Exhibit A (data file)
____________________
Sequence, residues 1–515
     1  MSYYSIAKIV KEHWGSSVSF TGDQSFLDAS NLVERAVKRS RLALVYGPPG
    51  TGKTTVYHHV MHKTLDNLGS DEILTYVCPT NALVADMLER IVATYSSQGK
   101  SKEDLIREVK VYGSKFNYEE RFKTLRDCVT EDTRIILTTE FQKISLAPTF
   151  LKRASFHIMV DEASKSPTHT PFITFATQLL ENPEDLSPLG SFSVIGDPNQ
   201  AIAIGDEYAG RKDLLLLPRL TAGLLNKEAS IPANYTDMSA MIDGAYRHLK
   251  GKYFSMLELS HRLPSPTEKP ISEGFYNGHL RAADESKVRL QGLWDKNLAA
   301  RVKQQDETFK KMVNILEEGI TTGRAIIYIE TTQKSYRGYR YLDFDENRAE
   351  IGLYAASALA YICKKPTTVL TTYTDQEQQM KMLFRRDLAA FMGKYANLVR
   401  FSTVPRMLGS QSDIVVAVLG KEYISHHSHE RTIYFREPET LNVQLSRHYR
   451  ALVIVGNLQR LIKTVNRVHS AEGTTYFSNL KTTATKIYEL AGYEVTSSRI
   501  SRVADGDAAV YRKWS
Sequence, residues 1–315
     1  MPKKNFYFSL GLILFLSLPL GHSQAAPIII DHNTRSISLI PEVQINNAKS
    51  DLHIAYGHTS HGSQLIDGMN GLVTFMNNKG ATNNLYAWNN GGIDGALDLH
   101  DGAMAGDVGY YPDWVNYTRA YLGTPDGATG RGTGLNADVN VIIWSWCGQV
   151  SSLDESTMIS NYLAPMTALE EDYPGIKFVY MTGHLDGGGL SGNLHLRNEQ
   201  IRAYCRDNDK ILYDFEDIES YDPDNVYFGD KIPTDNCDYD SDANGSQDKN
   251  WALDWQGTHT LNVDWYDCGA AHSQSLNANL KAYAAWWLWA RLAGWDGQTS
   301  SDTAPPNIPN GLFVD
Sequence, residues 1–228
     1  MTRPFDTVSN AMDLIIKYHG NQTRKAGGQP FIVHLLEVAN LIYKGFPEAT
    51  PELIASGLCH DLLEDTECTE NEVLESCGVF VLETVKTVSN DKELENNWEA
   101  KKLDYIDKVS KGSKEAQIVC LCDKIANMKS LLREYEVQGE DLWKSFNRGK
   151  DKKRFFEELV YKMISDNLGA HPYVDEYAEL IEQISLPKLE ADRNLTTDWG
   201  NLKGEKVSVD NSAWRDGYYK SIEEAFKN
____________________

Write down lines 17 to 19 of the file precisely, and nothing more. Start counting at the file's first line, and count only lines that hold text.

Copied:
   151  SSLDESTMIS NYLAPMTALE EDYPGIKFVY MTGHLDGGGL SGNLHLRNEQ
   201  IRAYCRDNDK ILYDFEDIES YDPDNVYFGD KIPTDNCDYD SDANGSQDKN
   251  WALDWQGTHT LNVDWYDCGA AHSQSLNANL KAYAAWWLWA RLAGWDGQTS